Do you do in-home training? If yes, then this couple could become your best clients. With a 6mo old baby in the picture and with both of them wanting to lose weight, going to their home might be the best solution for them (and you). If she is self-conscious about her weight and image, training at home would take this issue out of the picture. It will also take the excuse of “it’s too far to the gym” or “I don’t have time” out of the picture as well. You can ask them if they would like to workout together sometime (or all the time), and this way they can have each other’s support. If she likes group classes, there are a couple of options. One, to join a group class at a gym and then train with you at home. The other option is to ask her if she has any friends who might want/like to workout and they can join her. Or you can offer a small group training for her and some of her friends (I like this option but only if she has friends who would like to join).
Having others who support people like your client might be the easiest and better solution to motivate someone who is sedentary. Another suggestion would be to ask her if she would like to sign up for a race. This could give her that extra motivation to start working out and stay with it. Losing weight is important, but the feeling and thought of training and working towards a visible goal (finishing the race) and accomplishing something that was thought to be impossible in the past can sometimes have some strong psychological effects.
I hope this helps.
I would start off with some basic bodyweight exercises that will help her gain confidence and help her become more active. Personally, I would keep it simple and utilize a movement based approach (push, pull, squat, hinge, single leg exercise, and core stability). This approach will help target the entire body. You can also uses these simple movements as an subjective assessment to see how she moves and comprehends the exercises; since an formal assessment would be intimidating. Below is a sample of what the program would look like.
Push: TRX Chest Press/Smith Machine Push Up
Squat: Chair Squat
Pull: TRX Row/Resistance Band Row
Hinge: Glute Bridge/Stability Ball Hamstring Curl
Single Leg: Low DB Step Up
Core Stability: Modified Plank and Anti-Rotation
Also, since she enjoy classes I would incorporate classes into her program and base building cardio if time permits.
Hope this helps!
My first thought was Stroller Strides or Mommies in Motion or any number of programs that do exercise with moms and babies together. She could use that for her group exercise, to meet other moms, and to not have to worry about childcare while getting that part of her exercise in.
And then you could offer to train them at home. You could do both at once, or sometimes if you do a 90 minute session with 30 minutes parent one, 30 minutes together, 30 minutes parent two then you have the opportunity to hone in on each individuals’ needs for a short time and then they get to work out together for a short time. This will work if they have a babysitter or a happy baby. Otherwise, they’re going to need to take turns if baby cries during the 30 minutes when they’re working out as a team.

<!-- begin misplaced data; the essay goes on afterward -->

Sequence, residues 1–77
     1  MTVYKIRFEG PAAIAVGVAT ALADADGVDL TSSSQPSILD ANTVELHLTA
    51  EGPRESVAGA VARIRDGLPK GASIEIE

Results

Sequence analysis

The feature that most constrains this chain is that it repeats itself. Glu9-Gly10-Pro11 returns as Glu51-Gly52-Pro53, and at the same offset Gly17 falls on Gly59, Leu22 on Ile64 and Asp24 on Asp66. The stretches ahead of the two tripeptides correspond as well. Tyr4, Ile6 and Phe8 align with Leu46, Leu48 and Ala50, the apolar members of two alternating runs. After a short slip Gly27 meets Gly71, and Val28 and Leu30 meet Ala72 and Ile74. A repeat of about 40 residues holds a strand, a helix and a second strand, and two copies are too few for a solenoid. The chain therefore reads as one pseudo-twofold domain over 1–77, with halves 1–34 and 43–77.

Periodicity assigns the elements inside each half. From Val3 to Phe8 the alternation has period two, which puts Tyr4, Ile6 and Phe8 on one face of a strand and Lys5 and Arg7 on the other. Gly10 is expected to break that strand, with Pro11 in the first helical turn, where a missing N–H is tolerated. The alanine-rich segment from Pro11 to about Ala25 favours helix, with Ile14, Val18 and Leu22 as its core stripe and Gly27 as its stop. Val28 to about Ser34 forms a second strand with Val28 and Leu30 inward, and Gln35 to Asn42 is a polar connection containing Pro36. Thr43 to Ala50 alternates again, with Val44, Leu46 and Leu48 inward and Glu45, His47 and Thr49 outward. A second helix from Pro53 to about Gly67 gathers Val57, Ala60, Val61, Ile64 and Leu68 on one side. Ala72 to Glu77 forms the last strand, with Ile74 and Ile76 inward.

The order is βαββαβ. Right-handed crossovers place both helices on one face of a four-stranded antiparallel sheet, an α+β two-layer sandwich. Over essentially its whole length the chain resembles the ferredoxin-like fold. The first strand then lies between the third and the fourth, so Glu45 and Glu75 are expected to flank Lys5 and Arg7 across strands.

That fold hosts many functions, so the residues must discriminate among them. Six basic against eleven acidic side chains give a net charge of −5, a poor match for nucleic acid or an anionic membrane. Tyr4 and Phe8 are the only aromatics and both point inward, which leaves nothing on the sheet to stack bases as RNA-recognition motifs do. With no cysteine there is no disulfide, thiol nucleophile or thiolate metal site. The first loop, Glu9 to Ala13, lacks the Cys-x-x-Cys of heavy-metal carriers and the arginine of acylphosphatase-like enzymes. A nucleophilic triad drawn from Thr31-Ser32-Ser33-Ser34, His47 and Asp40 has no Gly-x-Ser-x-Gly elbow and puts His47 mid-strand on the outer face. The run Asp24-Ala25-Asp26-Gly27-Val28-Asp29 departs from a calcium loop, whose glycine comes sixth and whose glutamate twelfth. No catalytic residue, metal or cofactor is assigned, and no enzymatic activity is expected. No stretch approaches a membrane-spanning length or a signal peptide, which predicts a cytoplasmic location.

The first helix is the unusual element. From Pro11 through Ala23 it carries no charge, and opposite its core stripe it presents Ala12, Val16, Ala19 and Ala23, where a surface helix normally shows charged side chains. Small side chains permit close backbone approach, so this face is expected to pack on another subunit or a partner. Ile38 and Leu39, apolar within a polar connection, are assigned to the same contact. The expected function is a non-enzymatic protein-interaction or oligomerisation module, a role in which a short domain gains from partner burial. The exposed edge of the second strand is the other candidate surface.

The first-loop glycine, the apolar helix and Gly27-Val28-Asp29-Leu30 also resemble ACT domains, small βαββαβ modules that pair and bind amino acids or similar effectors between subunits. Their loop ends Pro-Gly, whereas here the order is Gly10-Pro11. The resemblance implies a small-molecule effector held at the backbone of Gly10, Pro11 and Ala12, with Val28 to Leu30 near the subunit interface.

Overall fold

The thing I stress with new moms is to realize that it’s going to be crazy for a while between being a mom and getting in shape. Also, if she’s nursing, she’s going to have to time when she nurses or pumps so she can work out. I nursed both of my kids until a year, and I had to pump or nurse right before exercise or it was very uncomfortable. If she’s not nursing, that won’t be an issue.
If she’s really sedentary, you might suggest a fitness tracker that buzzes after a person has sat for a certain amount of time, and suggest that she go up and down stairs two times every time it buzzes.
I’m sure you have a lot of simple, common sense, free advice that you can build into your training time.
I’ve worked with many individuals with sedentary lifestyles and chronic illnesses. It is very easy for them to become overwhelmed. Think simple and functional, with small goals (eg. walk to the end of the block, or walk for one minute). Balancing, getting out of a chair using core and glutes, sitting back in a chair without collapsing or falling back (functional squats), wall push-ups, range of motion, and basic stabilization tend to be good exercises. Side steps with an overhead clap to the beat of her favorite song might be a fun way to connect and get her moving. Clients don’t always have to go to a gym or find a 30+ minute slot. Balancing while brushing their teeth and chair squats during a commercial or their favorite tv show all work, and something is always better than nothing.
Also, beware of injuries and trying to progress too quickly. It’s always good to check their doctor or consult with a good physical therapist (with client’s permission) if there is a history of injuries. Most importantly, make it fun, be creative and be encouraging!